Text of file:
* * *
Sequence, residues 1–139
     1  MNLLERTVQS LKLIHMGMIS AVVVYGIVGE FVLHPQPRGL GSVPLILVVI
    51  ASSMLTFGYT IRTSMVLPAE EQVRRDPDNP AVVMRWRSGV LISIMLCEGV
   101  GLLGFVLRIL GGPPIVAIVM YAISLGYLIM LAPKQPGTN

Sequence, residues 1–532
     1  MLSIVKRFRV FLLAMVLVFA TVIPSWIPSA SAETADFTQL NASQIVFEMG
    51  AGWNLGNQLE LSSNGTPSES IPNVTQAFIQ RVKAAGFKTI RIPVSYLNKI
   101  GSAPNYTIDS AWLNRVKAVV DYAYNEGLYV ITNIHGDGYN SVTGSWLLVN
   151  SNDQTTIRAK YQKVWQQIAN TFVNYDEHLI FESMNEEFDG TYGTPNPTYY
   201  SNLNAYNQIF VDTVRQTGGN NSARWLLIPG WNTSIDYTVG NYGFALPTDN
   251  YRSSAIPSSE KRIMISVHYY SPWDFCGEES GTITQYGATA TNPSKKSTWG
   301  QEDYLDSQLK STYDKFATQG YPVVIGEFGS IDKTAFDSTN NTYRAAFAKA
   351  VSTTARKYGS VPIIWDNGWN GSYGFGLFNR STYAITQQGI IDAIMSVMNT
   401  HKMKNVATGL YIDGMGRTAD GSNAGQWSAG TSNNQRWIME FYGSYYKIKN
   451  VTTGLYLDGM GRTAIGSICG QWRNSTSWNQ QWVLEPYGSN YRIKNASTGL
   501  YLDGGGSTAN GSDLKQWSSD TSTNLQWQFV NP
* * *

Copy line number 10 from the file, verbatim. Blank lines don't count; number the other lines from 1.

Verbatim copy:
   201  SNLNAYNQIF VDTVRQTGGN NSARWLLIPG WNTSIDYTVG NYGFALPTDN